Ramadan in Cambridge: A retrospective

Finding community amidst hardships

Ramadan: it’s a time of the year that Muslims worldwide look forward to – a time of reflection, healing, prayer and – most famously – not eating or drinking (yes, not even water!). We’ve celebrated Ramadan annually for practically our entire lives (from the age of 7).

As international students who were suddenly thrown into the whirlpool that is Cambridge, this year felt… different. At first, it was difficult to pinpoint exactly why that was. We’ve gotten used to the city: the dramatic weather, the lovely people, the Hogwarts ambiance. Nothing about it had changed.

Perhaps it was the physical differences: everything that was easy, attainable and within our proximity was suddenly swept away by the distance between Cambridge and our hometowns (Malaysia & Jordan, respectively). The daylight hours in the UK are crazy difficult to adjust to! On the last day of Ramadan, we fasted from 3:45 AM (sunrise) until 20:28 PM (sunset). 

Prayer spaces

Unlike back home, mosques & prayer rooms were no longer within a 5-minute walk away. Instead, we had to plan trips to Mill Road or Downing Church for Jummah (communal prayer), which raises the question: why aren’t there any prayer spaces in most colleges? Despite Cambridge’s advocacy towards diversity, inclusion and acceptance, it seems ironic that there is a significant lack of prayer spaces.

While the university has many multifaith prayer spaces available in individual departments, they are in reality inaccessible to students. This is because students must belong to a department in order to use the prayer room in a department’s building.

When you’re at a hill college far from prayer spaces, you have to make do – we had our first communal prayer in Irfan’s room just after iftar. (Image Credits: Irfan Syahril)

Cambridge seems very fond of its breathtaking chapels that most colleges have within their proximity and are considered an essential element in Cambridge’s history, yet it fails to provide minor spaces for the purposes of worship for other beliefs. With an ever-changing world, Cambridge seems to not get the hint.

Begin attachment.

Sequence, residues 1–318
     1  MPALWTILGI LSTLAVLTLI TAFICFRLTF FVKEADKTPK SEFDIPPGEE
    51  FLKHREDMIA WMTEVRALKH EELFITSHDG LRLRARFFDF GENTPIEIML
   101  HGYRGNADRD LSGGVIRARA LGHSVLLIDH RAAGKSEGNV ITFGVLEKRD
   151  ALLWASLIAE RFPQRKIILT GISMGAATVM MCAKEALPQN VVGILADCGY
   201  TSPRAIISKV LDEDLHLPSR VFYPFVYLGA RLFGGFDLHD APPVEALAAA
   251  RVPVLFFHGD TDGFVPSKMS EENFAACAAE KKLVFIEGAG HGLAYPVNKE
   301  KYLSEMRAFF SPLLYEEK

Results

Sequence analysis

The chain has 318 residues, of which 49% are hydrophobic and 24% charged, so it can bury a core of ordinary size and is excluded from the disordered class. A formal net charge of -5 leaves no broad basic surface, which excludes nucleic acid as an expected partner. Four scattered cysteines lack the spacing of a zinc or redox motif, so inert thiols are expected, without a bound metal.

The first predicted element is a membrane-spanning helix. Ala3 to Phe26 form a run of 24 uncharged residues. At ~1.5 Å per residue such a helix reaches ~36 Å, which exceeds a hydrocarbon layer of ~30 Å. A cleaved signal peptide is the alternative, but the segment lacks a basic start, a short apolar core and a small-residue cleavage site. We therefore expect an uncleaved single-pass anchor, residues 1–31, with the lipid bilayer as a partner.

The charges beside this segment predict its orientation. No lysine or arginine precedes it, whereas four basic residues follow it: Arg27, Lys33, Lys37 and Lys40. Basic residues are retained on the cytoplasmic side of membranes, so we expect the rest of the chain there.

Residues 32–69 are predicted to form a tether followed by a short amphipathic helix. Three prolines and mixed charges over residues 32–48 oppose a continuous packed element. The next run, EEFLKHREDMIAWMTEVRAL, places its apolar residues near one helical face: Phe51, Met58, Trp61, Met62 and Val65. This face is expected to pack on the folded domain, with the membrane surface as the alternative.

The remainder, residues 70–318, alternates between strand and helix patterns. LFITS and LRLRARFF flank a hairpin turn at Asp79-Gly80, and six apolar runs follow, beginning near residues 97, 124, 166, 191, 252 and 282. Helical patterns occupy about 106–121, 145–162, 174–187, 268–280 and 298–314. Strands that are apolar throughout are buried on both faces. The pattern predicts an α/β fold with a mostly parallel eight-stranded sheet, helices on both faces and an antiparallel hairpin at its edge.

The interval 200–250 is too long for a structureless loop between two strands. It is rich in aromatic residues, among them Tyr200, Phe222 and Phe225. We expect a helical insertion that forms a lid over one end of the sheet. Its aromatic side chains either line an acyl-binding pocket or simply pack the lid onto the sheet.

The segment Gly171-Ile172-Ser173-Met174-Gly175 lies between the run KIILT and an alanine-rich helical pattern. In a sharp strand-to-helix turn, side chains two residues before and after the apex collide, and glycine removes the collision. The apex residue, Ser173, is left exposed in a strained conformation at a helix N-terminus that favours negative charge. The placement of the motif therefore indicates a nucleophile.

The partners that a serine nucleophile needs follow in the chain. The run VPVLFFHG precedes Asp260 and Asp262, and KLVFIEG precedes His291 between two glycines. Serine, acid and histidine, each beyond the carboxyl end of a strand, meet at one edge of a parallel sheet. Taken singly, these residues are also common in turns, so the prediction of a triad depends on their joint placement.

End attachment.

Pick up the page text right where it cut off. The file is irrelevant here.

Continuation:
In response, a university spokesperson said “as part of its commitment to welcoming and supporting students and staff of all faiths, and of none, the University provides a number of prayer and reflection spaces across the city, which are available for non-Christian worship.

These are located at, or close to, the University’s main centres of study, including at the Student Services Centre. Further details are available on the University’s website. The University’s Equality Diversity & Inclusion Section is happy to discuss the provision of prayer spaces with staff or students.”

Food options

Another issue is the scarcity of halal meat provided by college halls. While some colleges do provide halal meat, most muslim students are forced to purchase their own and cook for themselves. For example, while students at Murray Edwards, King’s and Jesus serve halal meat at least once a day, us at Lucy Cavendish have to email catering to request halal meat at least the week before – which we rarely ever do, since nobody plans their meals that far ahead.

We cook our own food most of the time (Image Credits: Irfan Syahril)

And let’s face it, many of us do not know how to cook or simply do not have time for daily meal prep due to exam revisions, and largely don’t have immediate access to a halal supermarket due to their remote locations.

Simply having the safety net of food provided at hall would save so much time, money and stress – especially in a month where nutritious eating is essential to fuel the body while fasting. In this manner, colleges are actively restricting the options available to muslims when it comes to deciding what their single big meal of the day will be.

Supplying halal meat in colleges will not only spread a wave of appreciation, relief and nobility within the structure of Cambridge, but it will actually help Cambridge live up to its diverse and inclusive goals.